The Conservative campaign was faltering last week, which is to say stumbling, drifting, losing ground on the long road to Canada’s federal election on October 19: that’s what everybody was saying, if not the Conservatives themselves. The big problem? Missteps, according to The Globe and Mail. Also? Dogged controversies. Mike Duffy was one of those, along with some candidates who had to be dumped for loutishness. The economy hasn’t been playing well for Stephen Harper’s governing party, of course, not to mention (other than to mention) the Syrian refugee crisis. Dissension in the ranks! Plummets in the polls!
The Toronto Star’s Ottawa bureau chief was on the case, Tonda MacCharles. She said that Stephen Harper was rattled.
No, sir, said the Conservatives.
Still, campaign manager Jenni Byrne did leave Harper’s side to return to Ottawa party headquarters, a sign of … something? And there was (as MacCharles reported) “a report that Australian polling consultant Lynton Crosby was parachuting in to pull the rip-cords on a campaign in free-fall.”
Peter Mansbridge and the “At Issue” panel got into that on Thursday on CBC-TV’s The National. Here’s what Andrew Coyne from The National Post:
“I wonder how much of it is just sort of a morale boost. Sometimes in a hockey game you replace the goalie, not necessarily because that’s going to make a difference, functionally, but it just gives the team a jolt.”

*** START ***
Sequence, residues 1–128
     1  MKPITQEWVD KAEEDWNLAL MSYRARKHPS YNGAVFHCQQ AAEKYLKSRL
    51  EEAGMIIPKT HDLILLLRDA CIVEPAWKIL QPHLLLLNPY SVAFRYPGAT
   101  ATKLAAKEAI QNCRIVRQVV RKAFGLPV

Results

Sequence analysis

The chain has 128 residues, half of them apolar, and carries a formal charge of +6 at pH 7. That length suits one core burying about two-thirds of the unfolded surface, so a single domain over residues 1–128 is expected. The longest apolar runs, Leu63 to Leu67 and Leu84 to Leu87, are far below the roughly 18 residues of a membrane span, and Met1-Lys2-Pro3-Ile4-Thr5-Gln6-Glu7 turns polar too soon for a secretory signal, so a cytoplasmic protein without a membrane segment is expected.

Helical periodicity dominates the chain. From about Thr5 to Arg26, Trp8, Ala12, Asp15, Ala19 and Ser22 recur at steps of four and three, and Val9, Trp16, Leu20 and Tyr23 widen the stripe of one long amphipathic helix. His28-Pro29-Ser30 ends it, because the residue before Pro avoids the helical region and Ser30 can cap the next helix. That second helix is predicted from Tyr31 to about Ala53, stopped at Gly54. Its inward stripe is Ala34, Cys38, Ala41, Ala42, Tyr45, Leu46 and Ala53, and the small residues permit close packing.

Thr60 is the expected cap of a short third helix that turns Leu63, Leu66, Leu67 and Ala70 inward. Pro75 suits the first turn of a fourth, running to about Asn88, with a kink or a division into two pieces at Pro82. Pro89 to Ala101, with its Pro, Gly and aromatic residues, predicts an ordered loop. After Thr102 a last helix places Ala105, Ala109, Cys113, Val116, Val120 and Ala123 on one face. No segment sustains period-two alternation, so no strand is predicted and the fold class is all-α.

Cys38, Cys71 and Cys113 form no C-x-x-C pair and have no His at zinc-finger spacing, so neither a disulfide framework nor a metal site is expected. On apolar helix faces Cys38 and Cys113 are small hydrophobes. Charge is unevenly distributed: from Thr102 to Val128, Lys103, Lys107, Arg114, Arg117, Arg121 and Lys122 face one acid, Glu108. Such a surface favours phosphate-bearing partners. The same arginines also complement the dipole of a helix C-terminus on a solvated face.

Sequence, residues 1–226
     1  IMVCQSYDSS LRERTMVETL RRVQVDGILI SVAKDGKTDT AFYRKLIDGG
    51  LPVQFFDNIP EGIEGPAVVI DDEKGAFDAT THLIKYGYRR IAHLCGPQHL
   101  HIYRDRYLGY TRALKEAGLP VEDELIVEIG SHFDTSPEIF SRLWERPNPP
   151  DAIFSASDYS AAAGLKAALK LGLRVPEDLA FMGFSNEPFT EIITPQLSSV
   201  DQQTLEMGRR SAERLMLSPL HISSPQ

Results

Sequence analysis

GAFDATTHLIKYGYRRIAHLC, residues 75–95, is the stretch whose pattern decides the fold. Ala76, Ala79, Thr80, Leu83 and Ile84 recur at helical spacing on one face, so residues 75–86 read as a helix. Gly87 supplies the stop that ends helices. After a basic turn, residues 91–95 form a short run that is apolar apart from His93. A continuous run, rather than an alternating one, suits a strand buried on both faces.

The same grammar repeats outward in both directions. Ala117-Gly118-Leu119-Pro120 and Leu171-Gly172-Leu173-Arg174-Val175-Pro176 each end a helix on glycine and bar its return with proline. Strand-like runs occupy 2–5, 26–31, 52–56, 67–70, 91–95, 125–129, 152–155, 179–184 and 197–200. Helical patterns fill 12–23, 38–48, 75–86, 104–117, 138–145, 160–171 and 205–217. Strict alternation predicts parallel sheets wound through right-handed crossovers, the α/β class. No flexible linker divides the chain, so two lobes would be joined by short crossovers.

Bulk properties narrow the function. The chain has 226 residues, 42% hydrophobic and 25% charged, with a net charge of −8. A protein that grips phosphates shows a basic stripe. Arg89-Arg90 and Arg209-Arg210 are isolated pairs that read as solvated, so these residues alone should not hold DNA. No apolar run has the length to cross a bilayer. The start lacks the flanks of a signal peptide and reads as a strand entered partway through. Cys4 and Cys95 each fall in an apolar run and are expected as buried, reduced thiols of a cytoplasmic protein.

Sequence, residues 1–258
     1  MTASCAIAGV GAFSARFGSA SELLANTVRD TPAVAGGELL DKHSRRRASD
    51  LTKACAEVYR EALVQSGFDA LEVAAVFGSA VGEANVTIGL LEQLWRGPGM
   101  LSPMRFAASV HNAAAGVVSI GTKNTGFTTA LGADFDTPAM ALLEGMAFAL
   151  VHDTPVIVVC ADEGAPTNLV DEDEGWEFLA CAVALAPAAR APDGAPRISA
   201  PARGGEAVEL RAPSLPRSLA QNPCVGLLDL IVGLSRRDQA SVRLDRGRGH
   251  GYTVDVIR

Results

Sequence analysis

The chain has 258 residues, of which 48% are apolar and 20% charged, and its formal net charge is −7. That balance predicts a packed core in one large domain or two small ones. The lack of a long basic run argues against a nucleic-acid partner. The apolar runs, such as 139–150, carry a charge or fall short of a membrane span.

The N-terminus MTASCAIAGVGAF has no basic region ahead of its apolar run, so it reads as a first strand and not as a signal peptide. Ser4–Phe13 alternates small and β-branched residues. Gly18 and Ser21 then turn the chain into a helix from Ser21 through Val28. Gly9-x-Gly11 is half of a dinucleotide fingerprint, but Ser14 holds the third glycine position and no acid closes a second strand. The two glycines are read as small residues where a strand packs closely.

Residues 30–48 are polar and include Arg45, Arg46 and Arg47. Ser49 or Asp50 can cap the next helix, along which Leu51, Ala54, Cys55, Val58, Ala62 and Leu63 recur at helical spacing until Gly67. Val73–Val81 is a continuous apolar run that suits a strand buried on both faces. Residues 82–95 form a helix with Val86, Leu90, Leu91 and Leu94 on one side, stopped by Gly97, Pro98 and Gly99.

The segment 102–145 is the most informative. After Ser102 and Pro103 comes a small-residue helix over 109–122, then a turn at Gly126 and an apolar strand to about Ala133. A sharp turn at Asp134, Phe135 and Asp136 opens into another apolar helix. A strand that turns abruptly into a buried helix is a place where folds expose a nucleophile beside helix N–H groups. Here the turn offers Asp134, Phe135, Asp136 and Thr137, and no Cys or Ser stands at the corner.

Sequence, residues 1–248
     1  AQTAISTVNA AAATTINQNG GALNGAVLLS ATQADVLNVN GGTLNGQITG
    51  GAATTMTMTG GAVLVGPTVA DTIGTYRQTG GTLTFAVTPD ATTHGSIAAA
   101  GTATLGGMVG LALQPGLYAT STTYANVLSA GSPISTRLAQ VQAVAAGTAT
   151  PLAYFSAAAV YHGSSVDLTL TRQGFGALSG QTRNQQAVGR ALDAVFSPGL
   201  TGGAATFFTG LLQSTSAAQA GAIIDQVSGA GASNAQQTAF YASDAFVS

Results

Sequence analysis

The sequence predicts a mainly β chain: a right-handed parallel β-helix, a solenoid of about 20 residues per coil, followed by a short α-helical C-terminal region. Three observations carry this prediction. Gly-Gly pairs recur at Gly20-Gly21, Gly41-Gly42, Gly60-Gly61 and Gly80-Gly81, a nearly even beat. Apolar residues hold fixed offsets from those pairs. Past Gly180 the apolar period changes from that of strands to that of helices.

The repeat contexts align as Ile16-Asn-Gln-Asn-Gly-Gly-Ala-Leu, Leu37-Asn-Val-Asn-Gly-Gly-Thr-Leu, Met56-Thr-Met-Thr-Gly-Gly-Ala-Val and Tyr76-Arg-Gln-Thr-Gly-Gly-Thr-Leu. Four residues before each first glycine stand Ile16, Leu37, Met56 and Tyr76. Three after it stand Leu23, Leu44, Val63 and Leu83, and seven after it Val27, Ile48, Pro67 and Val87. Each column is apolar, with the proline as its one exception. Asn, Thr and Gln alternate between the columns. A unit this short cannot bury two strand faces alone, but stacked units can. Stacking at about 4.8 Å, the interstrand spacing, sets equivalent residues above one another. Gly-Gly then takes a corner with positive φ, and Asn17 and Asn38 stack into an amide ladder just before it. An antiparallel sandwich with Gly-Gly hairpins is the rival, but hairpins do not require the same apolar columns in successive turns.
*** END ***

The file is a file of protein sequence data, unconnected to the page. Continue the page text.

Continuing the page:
Mansbridge: “Yeah, but it can also work the other way.”
Also from Tonda MacCharles came news of a private Tuesday dinner for the prime minister in Toronto. Stepping beyond his small circle of advisers and strategists, he’d gathered unnamed friends for consultation. MacCharles:
Asked about the performance of campaign manager Jenni Byrne on Thursday Harper refused to comment, saying he won’t discuss “questions of staffing.”
“Obviously I have a good team,” he said, before shifting his answer back to campaign mode: “For me the big question of this campaign remains the same,” he said in French — the choice before voters about which party has the best economic plan to move the country forward.
That, too, was deliberate, part of one of the takeaways from the kitchen cabinet dinner, that the campaign had to get back to focusing on its core economic message, and pitch the contrast between Harper and his opponents.
Other takeaways: Harper should loosen up. Voila: there soon followed two photo ops of him doffing his suit jacket and playing ball hockey with kids after a disability savings announcement, then later shooting the ball around with his staff on an airport tarmac.
Yet no one downplays that it had been a tough week.